Financial Oversight and Management Board for Puerto Rico v. Aurelius Investment, LLC

No. 18-1334 - Argued October 15, 2019
At Issue

Whether the Appointments Clause governs the appointment of members of the Financial Oversight and Management Board for Puerto Rico (“the Board”), which Congress created through the Puerto Rico Oversight, Management and Economic Stability Act of 2016 (“PROMESA”).

Whether the de facto officer doctrine allows courts to deny meaningful relief to successful separation-of-powers challengers who are suffering ongoing injury at the hands of unconstitutionally appointed principal officers.

  • Donald B. Verrilli, Jr., for the petitioner in No. 18-1334 and the respondent in No. 18-1521
  • Jeffrey B. Wall, for the United States, the petitioner in No. 18-1514
  • Theodore B. Olson, for the respondent in No. 18-1334, No. 18-1496, and No. 18-1514 and the petitioner in No. 18-1475
Background and Case Commentary

The Petitioner argued that the Appointments Clause does not apply to the Board’s members because the Board is a territorial agency that Congress created using its Article IV authority. The Respondent countered that the Appointments Clause applies to the Board’s members because the Board is a federal agency that Congress created using its Article I authority.

Below, I provide alternate answers for two questions: one for Petitioner and one for Respondent. 



The Petitioner’s proposed test (the Palmore test) involves looking at whether an agency focuses on nationwide or territorial issues to see if the agency is federal or territorial. To challenge this test, Justice Kagan (at 5:11) gave the Petitioner a hypothetical about an agency Congress set up to deal with a state problem. The Petitioner conceded that such an agency would be federal, in spite of its focus on one state’s localized issues rather than nationwide issues. Justice Kagan then asked the Petitioner what makes that agency different from the Board. My answer points to the fact that Congress has dual powers with respect to territories but not states.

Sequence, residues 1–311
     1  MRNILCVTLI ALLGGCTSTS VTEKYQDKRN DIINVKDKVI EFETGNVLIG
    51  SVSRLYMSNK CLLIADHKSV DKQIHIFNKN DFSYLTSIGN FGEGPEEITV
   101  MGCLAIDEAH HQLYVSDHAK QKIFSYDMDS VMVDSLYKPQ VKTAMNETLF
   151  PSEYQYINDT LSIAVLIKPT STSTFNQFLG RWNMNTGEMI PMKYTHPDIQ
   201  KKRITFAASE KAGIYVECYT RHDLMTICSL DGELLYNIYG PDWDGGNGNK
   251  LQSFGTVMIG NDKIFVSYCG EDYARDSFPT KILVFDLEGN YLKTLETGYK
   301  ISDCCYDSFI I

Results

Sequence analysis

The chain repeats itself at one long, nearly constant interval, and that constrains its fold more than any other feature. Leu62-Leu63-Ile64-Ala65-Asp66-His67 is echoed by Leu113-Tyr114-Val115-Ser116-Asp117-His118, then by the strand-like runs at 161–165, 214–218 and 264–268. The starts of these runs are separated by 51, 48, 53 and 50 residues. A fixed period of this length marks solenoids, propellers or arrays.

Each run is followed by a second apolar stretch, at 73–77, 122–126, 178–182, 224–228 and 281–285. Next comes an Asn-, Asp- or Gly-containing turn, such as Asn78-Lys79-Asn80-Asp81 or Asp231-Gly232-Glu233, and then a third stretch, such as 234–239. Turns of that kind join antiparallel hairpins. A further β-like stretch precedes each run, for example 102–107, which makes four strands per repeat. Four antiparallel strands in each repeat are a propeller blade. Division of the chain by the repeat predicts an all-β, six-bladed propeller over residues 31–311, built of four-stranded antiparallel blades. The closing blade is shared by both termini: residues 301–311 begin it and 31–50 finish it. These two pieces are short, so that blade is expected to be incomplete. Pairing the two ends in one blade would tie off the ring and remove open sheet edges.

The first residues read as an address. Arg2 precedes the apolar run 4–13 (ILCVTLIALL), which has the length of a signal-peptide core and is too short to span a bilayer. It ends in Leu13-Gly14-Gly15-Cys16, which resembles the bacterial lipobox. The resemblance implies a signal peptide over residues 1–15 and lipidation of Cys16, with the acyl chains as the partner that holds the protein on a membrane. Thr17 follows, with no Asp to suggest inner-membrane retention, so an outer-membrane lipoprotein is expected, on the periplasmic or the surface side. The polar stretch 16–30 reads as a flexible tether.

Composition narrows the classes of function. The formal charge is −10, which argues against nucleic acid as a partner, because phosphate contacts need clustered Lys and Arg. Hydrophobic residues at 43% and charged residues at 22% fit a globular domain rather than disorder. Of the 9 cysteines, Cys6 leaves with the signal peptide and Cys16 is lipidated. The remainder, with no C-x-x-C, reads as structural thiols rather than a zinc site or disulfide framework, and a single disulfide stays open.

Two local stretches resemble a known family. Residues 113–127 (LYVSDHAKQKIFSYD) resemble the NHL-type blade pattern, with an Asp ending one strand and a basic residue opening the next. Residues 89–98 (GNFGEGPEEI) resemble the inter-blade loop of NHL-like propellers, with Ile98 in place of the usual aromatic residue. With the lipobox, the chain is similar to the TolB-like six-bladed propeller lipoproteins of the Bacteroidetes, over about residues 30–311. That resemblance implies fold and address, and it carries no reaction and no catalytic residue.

Multiple Justices, starting with Justice Kavanaugh (at 42:47), asked the Respondent whether PROMESA gives the Board duties that the territorial governor or legislature would otherwise perform. They asked this question to suggest that the Board’s duties are territorial in nature, making the Board a territorial agency. My answer explains why the Board’s duties are not territorial duties that the territorial government would perform in PROMESA’s absence.

Financial Oversight and Management Board for Puerto Rico v. Aurelius Investment, LLC on Oyez:

Key Questions from Oral Argument

Justice Kagan (5:11): Well, Mr. Verrilli, I mean, suppose that Congress looks at Florida and it says that there are a lot of hurricanes there and the waters are rising, and we have a terrible Florida problem. And Congress passes the Florida Reclamation Act, and it's supposed to deal with, you know, the Florida problem that it perceives but uses federal law to do so. Would you say that -- I think the -- your -- your phrase was the executive power of the national government. Would the head of the agency that the Florida Reclamation Act sets up be exercising the executive power of the national government? . . . [W]hat is the difference, Mr. Verrilli?